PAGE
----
Procurement empowered by cognitive and intelligent applications

Marcel_Vollmer_100.jpgBy Dr Marcell Vollmer, Chief Innovation Officer, Celonis

Across all industries, procurement leaders are seeking significant and measurable productivity gains. New technology, based on machine learning and artificial intelligence, is driving the digital transformation of the procurement function to deliver value, driving supplier innovations, performing risk management, securing a sustainable supply chain and, of course, managing budgets.

For procurement professionals, affordable, efficient and compliant processes are essential. This applies whether they are selecting products, issuing a purchase order, buying, giving the green light for payment or any other essential task. Without careful management of these processes, business operations can quickly deteriorate.

Despite the need for efficiency, companies rarely begin change with a targeted re-assessment of all processes. Instead, managers rush to plug in new software or look for minor changes that may deliver basic improvements. Their procurement units have traditionally been too narrowly focussed on how they aim to address process inefficiencies. With maverick buying and other problems within processes, many firms still tend to be so driven in one area of change that they miss the big picture. When performance is inevitably impacted, businesses bring in consultants to shape digital transformation – often at great cost and while relying on outdated information.

How can procurement affordably and quickly achieve better outcomes?
A more sophisticated approach is to use an automated, objective assessment of current business operations, called process mining. Process mining provides full visibility of any enterprise processes, including the source-to-pay process at any time. This powerful technology enables companies to precisely identify the problems that are occurring within their processes, to remove hidden inefficiencies and to take corrective action that avoids problems from occurring in the future.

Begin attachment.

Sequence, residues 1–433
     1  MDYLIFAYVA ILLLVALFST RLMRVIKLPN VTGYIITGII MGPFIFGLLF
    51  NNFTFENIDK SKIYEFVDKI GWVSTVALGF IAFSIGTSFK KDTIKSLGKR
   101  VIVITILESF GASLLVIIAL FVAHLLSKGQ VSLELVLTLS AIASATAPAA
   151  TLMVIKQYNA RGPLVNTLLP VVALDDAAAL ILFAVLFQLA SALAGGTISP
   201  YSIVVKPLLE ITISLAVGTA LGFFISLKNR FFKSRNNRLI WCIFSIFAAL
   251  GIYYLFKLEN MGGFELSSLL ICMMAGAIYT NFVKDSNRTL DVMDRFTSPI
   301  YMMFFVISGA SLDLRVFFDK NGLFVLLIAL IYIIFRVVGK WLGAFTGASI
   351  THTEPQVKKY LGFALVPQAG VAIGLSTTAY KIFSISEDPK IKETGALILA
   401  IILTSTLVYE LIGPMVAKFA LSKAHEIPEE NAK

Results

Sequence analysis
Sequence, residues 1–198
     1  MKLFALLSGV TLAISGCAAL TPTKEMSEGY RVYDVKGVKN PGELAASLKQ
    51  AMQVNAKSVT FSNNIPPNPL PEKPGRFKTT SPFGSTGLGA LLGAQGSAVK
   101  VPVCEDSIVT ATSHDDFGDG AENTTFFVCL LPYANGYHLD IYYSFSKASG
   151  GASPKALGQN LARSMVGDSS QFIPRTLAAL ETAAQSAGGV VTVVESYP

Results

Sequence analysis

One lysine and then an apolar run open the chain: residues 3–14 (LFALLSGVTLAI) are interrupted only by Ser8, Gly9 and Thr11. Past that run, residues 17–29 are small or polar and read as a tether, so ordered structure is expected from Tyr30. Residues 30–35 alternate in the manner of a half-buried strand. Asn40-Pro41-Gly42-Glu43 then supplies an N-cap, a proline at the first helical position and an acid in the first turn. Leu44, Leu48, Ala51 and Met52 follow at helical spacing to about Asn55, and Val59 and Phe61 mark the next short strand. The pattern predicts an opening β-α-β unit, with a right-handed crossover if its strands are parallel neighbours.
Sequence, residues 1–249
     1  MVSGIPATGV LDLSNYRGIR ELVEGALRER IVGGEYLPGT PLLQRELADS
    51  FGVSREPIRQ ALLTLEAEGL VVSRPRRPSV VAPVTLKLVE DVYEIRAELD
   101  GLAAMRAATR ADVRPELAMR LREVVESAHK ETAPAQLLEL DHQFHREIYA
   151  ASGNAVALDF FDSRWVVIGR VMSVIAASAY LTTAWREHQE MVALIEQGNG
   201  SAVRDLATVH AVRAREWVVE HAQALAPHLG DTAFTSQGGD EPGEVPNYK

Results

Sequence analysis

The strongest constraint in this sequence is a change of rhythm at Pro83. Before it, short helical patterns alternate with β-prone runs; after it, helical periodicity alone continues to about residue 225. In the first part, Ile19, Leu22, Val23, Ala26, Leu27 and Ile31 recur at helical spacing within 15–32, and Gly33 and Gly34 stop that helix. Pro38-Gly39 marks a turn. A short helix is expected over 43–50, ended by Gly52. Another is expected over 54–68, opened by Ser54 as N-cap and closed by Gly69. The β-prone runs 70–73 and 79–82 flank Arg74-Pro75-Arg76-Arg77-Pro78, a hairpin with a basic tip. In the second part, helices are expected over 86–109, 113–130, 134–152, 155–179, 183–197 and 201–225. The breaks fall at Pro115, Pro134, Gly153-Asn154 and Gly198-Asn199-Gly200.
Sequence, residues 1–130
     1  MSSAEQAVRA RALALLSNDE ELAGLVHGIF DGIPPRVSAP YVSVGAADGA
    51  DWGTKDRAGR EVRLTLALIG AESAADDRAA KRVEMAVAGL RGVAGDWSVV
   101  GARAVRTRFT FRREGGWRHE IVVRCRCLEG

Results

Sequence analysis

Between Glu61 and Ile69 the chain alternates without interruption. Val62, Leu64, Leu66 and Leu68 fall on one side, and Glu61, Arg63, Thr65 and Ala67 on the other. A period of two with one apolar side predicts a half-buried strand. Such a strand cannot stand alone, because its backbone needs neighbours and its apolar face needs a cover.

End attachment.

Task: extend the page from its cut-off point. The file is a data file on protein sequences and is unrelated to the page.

Celonis conducted a study to examine process knowledge amid change. It found that 82% of business leaders do not consider processes before embarking on digital transformation. In addition, 66% said better visibility would give them the confidence they need to effectively execute digital transformation. According to the CPO Survey 2020 by the University of Mannheim, 80% of procurement executives believe that digital transformation will affect their function more in 2020 compared with 2019.

As part of the digital transformation drive, process mining must not only visualise live processes, but also deliver a full analysis and clarify how to drive change. It must plug directly into a company’s own large data sources in multiple formats and rapidly construct a comprehensive picture of how procurement process flows are happening in real-time. From there users can identify the most troublesome frictions and present clear recommendations for actions that address root causes. Those recommendations can easily be automated for repeatability.

Vodafone has seen an enormous impact (after implementing process mining), with a procurement volume of nearly 800 000 purchase orders and five million invoices annually. The costs per purchase order have fallen with more than 10%, while the proportion of perfect purchase orders has soared from 73% to 96%.

Siemens has also been using process mining since 2011 across multiple business units. “Process mining shows us all activities and variants we have”, says Dr Lars Reinkemeyer, Global Process Mining Lead, Siemens. That transparency then allows teams at Siemens to optimise their processes according to their goals. In their purchase-to-pay process, process mining helps to reduce manual changes in price or quantity, and to immediately act on payment term deviations and late deliveries, with the ability to target specific suppliers.

Process mining becomes ever more important as companies of all sizes expand and as they gain more operations and procedures that they need to manage, protect and improve. Many weaknesses are hard enough for businesses to spot without advanced technology and they become ever more obscured as companies acquire other firms or take on more staff and customers.


Process mining is available to all companies, from the smallest to the largest. To find out more about how your procurement department can increase productivity, optimise working capital and reduce risk, visit


Share this Post

Leave a Comment

Your email address will not be published. Required fields are marked *

Latest Jobs

Leaders Profile

Movers and Shakers in Procurement

Upcoming Courses

No event found!
Scroll to Top